The velocipede has now fairly conquered the entire world. San Francisco has entered the lists, and we understand has produced some improvements that will, when they are made public, reflect credit upon the ingenuity of its inventors. So much for the Far West. What of the Far East. The Shanghai Umix-Ldtcr states that velocipedes have ceased to IJC a novelty in the streets of that city, and even the untaught Chinese ponies have become so used to them that they are no longer frightened. A correspondent sends us also a copy of the Japan Gazette, published at Yokohama, which states that a gentleman well known in that settlement lately took a trip to Yeddo on a velocipede and returned in safety, meeting with no annoyance on the way. Rumor says that many persons have sent home for these locomotives, and that some are on their way out Civilization no longer advances solely with the locomotive and telegraph. It has called to its assistance the velocipede. We find in Howitts Visits to Remarkable Places, published in 1841, a description of a velocipede seen by the author during a visit to Alnwick Castle, Northumberland, England, as follows: Among the curiosities laid up here are also two velocipedes —machines which, twenty years ago, were for a short period much in vogue. One young man of my acquaintance rode on one of these wooden horses all the way from London to Falkirk, in Scotland, and was requested at various towns to exhibit his management of it to the ladies and gentlemen of the place; he afterwards made a long excursion to France upon it. He was a very adroit velocipedian, and was always very much amused with the circumstance of a gentleman meeting him on the highway by the river side, who, requesting to be allowed to try it, and being shown how he must turn the handle in order to guide it, set off with great spirit, but turning the handle the wrong way, soon found himself hurrying to the edge of the river, where, in his flurry, instead of turning the handle the other way, he began lustily shouting woh woh and so crying plunged headlong into the stream. The Dukes horse, which is laid up here for the gTati-fication of posterity, was, I believe, not so very unruly; yet I was told its pranks caused it to be disused and here stabled. It is said that the duke and his physicians used to amuse themselves with careering about the grounds on these steeds; but one day, being somewhere on the terrace, his graces Trojan steed capsized, and rolled over and over with him down the green bank, much to the amusement of a troop of urchins who were mounted on a wall by the road to witness this novel kind of racing. On this accident the velocipede was laid up in lavender, and a fine specimen of the breed it is. I asked the old porter if the story was true, but he only smiled and said, Mind I did not tell you that. Dont pretend to say, if you write any account of this place, that you had that from me. We herewith reproduce an engraving of an ice velocipede from Harpers Weeldy. The frame of this velocipede is built like those which are commonly in use in this city. It has but one wheel, steered with a bar as in the land machine, but armed with sharp points to,prevent its slipping. Instead of the two wheels behind are two sharp steel runners, like those attached to the ice boats. This velocipede is propelled with astonishing rapidity. The Troy Times gives the following description of a vehicle which has appeared in that city : The latest vehicular invention (but still like a great many inventions of the earliest known) is the property of a Milesian of this city. He calls it a wheelosipede. It has the advantage of only needing one wheel, and is not only the most useful of this description of vehicle, but absolutely the safest. The operator rests his feet upon the ground, and guides the arrangement by means of a pair of bars. It is capable of being used in building operations, for the conveyance of earth, sand, and such materials, and will doubtless supersede in the end, all the bicycles and other descriptions of velocipedes. A machine somewhat like the one described by our Trojan cotemporary,. has been seen several times in the streets of this city. It has, however, three wheels, one in front and two behind. It is propelled precisely in the same manner as the above, but in turning the front wheel is raised from the ground by the operator throwing his weight more upon the bars than he does at other times. It needs no bridging of gutters; in fact, it is capable of surmounting such obstacles as curbstones, etc., and is coming rapidly into use by porters in delivery of goods. But while some laugh, as they will at everything new, there are many who regard the velocipede in its improved form as worthy of permanent favor, and who, like ourselves, predict that it will secure it. Whoever visits one of the large halls devoted to instruction in the art of managing these beautiful little vehicles, will, we think, after beholding the ease with which they can be propelled at a rate double or treble that at which a person could walk, admit the decided gain in the application of muscular power attained by them. The following letter, from a scientific gentleman of Philadelphia, is appropos to this point and contains good suggestions: MESSES. EDITORS :—So far as I have seen or heard of these machines, the real power of the human frame is not brought out by them. They therefore do not afford the measure of use, nor exercise, nor pleasure which they might with a different, application of force. Any one who will take a seat in a chair and move his lower limbs as they are exerted in the present velocipede, will see how little power there is in the muselea 150 that are thus brought into play. Nature is a good teacher, and she does not teach us to expect much from that movement. Tlie momentum derived from the weight of the human body, is a large force; but it is entirely wasted while the man sits down. The arrangement ought to be such as to place him in a standing position, between the fore and aft wheels, his feet playing upon treadles which connect with the axle of the front wheel, his hands upon a cross-bar with the same connection, serving both as a rest and a guide to direct the course. This would be a natural walking motion, but with a vast increase of ease and speed over an ordinary walk, unaided by the rotation of wheels. If too long continued, it would indeed become merely a treadmill; and, therefore, to afford a pleasant change, the power of the amis should be brought in. This force is also lost in the present machines. Let there be, then, a seat provided, into which, after the operater has made his first mile or two by his feet, he may settle down, throwing his feet off the treadles, and, grasping another cross-bar having the crank movement, work himself along, and guide himself pretty much as the childrens machine is propelled. When tired of this, the rider would be ready to stand up again. This double gear would add somewhat to the expense, but a man can afford to pay pretty well for a horse that never eats, and the progress of manufacture must bring down the price. Let this noble recreation, in which a man can be rider, horse, and groom, be open to every suggestion of improvement. W. E. D. Another correspondent from Hudson City, New Jersey, has been searching the Scriptures for information upon the velocipede movement, and finds that the cherubs mentioned in the first chapter of Ezekiel were velocipedestrians, and moreover that their machines were of the one-wheeled variety. Acting upon the hint thus obtained he proposes a one-wheeled velocipede, and communicates his ideas to us as follows : MESSRS. EDITORS :—I notice that all the world have got their heads turned with this new velocipede movement. I, too, have conceived an idea—a one-wheel idea—suppose a wheel any hight, with broad tire, say twelve inches, of india-rubber, set vertical to a weight hung from the axle to counterbalance the weight of the person sitting over the wheel. The weight might be a sort of pocket, and would answer to carry necessary articles; the other adjuncts might be the same a3 are usually applied to velocipedes. Of course I do not contend for speed, as a light weight would, I presume, be preferable for that; but for comfort, stability, and ease I fancy it would be the ne plus ultra. I am aware of some drawbacks, but not more for this wheel than for any other of the same kind. I have not made up my mind as to the best method of going- up hill. I fear some difficulty. As for going down hill, there would be no trouble. Indeed, I flatter myself it would be quite a velocipede. Another trouble would be, how to turn a corner. Difficulties of j this sort would, I am sure, be got over by dexterity. It is a rule laid down by some, that nature is the best teacher; if so, a one-wheel movement is rather outre. I really cannot, call to mind any one thing in nature that would instance a single movement, they are all in pairs or corresponding parts. Still, we are not left without example of a one-wheel movement two thousand years ago, shadowed forth in the dreams of Ezekiel, a true velocipede and locomotive, for the life was in the wheel (see Ezekiel i.); but Ezekiel must have seen the difficulty of taming a corner, for he makes his wheels go straight forward. This onn-whoel movement of Ezekiel is certainly a very bold idea, unless we are to suppose such a thing actually was in use, or that he had seen such a thing. Dreams, as a usual thing, partake of the ideas impressed on the mind by actual existen-ces.and in all the visions (excepting the wheel) the actual existences of nature or art are represented only in contorted or ex-ajrsorate.l fancy. It is true history nowhere mentions a one-wheel movement, but that is not strange; history does not detail the minutiae of every day life. But if there were no such thing, then, when we consider the many different modes of progression adopted by the ideal, such as clouds, vapors, foam of the sea, the winds, etc.; or the chariots, animals, etc., of less poetic fancy from which he could have chosen a symbol, wo are left in wonder at the adoption of so singular a movement for the cherubs. Even admitting the astronomical allegory, which undoubtedly it is, it doe? not lesson the singularity of placing living-symbolical beings, having feet for progression, upon one wheel instead of two. W. K. Wyckoff of Ripon, Wisconsin, also writes us that he has demonstrated the working principle of a new velocipede having two wheels which will not overturn even when not in; use. It has an adjustable chair seat, for ladies as well as gents, also children, not astride. Power is all applied both with hands and feet—a shifting axle that can be changed without dismounting, from alternate or reciprocating movements to continuous or simultaneous. Guided with the body of the rider. He wants some one to take hold of the improve- : ment with him, j Messrs. Crawford & Co., of Philadelphia, have opened a school at the N. E. corner of Eighth and Callowhill streets. They write us that they use a bicycle, steered by the hind wheel, it, instead of the fore wheel, being pivoted and connecting with the steering lever by rods running back and connecting with a lever which turns this hind wheel. These rods cross under the saddle, thus rendering the operation of [ the steering lever the same in direction as in other machines. By this arrangement at least two important advantages are gained; 1st, the front wheel is held steady and does not have a tendency to swing in alternate directions in obedience to the j pressure of the feet upon the stirrup rod, in consequence of which fact the lever is much more easily held steady, and be- i side the wheel never turns against the legs of the rider. j The latest use for which the velocipede has been proposed is that of the Republican published at Stillwater, Minn. It says, We are going to have one if it takes the last cent. We j find it necessary to have something of the kind to drum up a j few delinquents on our books, and we are too poor to buy a I horse, hence this recourse to our ingenuity. Neednt laugh, reader, we are going to do it, for we know we can. Any one that can run a newspaper without money can do it, and we have done the latter, any way. PATENTEES who desire to have the patent claims, as they are issued, can obtain them by inclosing $5 to the Commissioner of Patents at Washington.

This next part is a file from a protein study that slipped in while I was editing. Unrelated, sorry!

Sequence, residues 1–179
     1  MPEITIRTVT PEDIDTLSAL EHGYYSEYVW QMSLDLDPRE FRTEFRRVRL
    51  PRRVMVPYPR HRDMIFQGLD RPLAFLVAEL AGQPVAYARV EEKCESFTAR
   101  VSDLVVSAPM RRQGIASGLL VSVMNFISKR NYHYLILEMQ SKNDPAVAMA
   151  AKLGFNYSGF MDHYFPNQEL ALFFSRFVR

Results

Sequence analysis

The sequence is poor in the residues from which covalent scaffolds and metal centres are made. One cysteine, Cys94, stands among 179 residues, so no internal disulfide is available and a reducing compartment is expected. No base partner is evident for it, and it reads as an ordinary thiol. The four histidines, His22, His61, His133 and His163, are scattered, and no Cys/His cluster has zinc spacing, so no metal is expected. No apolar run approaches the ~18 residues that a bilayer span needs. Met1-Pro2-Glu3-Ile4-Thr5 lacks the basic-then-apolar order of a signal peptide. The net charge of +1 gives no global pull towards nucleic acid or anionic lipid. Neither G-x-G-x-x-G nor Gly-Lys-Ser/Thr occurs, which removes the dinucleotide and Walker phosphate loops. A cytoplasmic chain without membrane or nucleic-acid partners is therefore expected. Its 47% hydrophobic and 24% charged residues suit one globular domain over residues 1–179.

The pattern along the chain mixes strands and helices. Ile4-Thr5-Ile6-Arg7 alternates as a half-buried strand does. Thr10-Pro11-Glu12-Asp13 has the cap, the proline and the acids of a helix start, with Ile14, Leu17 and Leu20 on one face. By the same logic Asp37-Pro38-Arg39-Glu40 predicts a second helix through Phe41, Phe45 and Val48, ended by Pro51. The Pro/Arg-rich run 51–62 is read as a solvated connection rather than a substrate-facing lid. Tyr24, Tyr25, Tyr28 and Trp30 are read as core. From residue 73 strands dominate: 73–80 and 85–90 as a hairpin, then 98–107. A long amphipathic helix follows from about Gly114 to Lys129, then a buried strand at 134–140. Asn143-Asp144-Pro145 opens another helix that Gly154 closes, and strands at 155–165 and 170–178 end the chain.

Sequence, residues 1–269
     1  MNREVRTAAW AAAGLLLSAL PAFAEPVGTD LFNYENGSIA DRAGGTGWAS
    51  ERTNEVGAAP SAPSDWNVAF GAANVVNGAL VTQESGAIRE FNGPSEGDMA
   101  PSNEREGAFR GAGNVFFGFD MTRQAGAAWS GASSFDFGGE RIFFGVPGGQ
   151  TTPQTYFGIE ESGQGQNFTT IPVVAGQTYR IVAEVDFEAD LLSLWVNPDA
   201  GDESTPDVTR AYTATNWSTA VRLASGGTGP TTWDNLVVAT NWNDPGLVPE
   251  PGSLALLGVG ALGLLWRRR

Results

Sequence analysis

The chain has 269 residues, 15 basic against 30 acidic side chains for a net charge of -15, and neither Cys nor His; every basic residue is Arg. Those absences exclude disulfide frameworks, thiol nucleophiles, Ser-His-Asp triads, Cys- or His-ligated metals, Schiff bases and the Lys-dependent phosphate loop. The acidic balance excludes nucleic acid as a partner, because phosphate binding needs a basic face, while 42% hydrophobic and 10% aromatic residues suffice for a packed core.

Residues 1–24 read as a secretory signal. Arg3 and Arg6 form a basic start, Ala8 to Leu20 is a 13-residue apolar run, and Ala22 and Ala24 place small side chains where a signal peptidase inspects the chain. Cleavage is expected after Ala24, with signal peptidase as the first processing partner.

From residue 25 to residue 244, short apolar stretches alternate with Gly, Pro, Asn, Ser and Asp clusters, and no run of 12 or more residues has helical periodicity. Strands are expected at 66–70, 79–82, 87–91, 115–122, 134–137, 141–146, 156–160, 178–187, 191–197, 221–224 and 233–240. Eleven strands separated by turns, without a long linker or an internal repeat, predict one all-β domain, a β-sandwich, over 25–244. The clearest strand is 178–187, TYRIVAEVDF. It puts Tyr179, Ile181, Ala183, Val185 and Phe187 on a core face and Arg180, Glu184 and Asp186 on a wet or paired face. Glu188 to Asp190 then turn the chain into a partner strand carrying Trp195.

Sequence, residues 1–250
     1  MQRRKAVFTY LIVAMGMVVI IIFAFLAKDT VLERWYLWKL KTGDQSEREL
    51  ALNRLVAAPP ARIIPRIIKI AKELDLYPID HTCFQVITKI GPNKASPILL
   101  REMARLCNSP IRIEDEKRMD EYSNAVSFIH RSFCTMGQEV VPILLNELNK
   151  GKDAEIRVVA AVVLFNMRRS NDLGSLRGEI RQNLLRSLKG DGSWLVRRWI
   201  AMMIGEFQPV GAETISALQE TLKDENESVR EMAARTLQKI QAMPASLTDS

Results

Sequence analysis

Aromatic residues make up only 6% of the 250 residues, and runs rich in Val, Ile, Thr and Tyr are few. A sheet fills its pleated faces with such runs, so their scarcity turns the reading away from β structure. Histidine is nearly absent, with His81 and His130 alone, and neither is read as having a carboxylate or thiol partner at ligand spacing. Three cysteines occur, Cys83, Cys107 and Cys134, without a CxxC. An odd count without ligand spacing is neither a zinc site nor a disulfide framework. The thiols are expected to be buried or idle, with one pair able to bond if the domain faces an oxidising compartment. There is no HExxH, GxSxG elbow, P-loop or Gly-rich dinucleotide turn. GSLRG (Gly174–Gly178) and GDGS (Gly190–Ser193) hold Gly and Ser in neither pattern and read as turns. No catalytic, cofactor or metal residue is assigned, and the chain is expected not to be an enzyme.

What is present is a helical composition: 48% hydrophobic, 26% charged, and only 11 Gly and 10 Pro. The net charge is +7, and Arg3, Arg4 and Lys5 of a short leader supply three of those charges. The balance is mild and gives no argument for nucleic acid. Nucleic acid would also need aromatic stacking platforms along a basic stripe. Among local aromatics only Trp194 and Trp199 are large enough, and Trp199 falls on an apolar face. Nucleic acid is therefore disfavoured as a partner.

This article was originally published with the title "Velocipede Notes" in Scientific American 20, 10, 149-150 (March 1869)